A bipartisan group of former high-level government officials is trying to mobilize grass-roots American support for the World Bank and the International Monetary Fund, whose funding requests have run into increasing problems in the U.S. Congress.
"You are in trouble in a participatory democracy when you don't have a constituency," said Charls E. Walker, a lobbyist for business interests and deputy Treasury secretary in the Nixon administration. Until now, the beleaguered multilateral lending agencies have had no constituency in this country, he noted.
Walker and Henry H. (Joe) Fowler, President Johnson's Treasury secretary, will head the new organization, called the Bretton Woods Committee, which plans its first meeting here on Jan. 22. Other organizers include Henry Owen, who served in the Carter White House on international economic issues, and Edward R. Fried, the U.S. executive director of the World Bank during the Carter administration.
Walker said the committee's major effort will be "to create a climate of understanding" in the country for the World Bank, which supplies loans to Third World countries for development projects, and the IMF, which loans money to industrialized as well as Third World countries to help them pull out of external financial problems.
The committee was started, Fowler said, because of close votes in Congress on recent funding measures for the IMF and World Bank and because of an organized effort by conservative groups against the multinational organizations. The anti-IMF and World Bank forces ran radio ads in 20 states that "didn't tell the full story or the right story," Walker said.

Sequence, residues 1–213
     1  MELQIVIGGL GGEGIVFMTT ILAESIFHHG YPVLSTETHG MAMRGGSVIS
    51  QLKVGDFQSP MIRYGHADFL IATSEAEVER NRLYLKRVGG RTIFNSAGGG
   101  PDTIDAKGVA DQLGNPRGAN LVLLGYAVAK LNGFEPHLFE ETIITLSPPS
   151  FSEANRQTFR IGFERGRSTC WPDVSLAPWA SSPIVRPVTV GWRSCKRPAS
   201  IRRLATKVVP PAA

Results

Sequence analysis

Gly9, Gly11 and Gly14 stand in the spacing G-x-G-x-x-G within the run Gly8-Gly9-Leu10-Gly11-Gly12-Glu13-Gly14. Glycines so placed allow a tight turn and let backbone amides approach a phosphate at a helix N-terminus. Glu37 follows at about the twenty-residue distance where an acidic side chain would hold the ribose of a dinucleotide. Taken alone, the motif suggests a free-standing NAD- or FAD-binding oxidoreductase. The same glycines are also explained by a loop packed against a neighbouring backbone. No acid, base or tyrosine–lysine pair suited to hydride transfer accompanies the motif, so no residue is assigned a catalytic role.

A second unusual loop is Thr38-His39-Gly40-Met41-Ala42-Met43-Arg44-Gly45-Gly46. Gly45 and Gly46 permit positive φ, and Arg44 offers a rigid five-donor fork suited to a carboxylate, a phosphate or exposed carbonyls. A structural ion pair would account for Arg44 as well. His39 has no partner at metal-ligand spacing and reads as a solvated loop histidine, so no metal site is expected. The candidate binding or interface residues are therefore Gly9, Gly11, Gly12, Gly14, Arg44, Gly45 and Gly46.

"We want a more balanced debate," added Fowler.
Walker said the organization aims to create a grass-roots climate of support for the IMF and the World Bank so that lawmakers who vote in favor of the world bodies "will not be hanging out all alone" when they go home.
The committee organizers said they will emphasize the importance of those organizations and the health of Third World nations to the economic vitality of the United States in a world that has become increasingly interdependent.
"The Reagan administration has become educated by experience as to the importance and values of those institutions" and now is "fully supportive of them," Fowler said.
IMF Managing Director Jacques de Larosiere, World Bank President A. W. Clausen and Paul A. Volcker, chairman of the Federal Reserve Board, will address the committee's first meeting Jan. 22, to which 130 persons have been invited. The committee expects to spend about $200,000 this year, raised from individuals, corporations and foundations, and is aiming for a membership of about 300.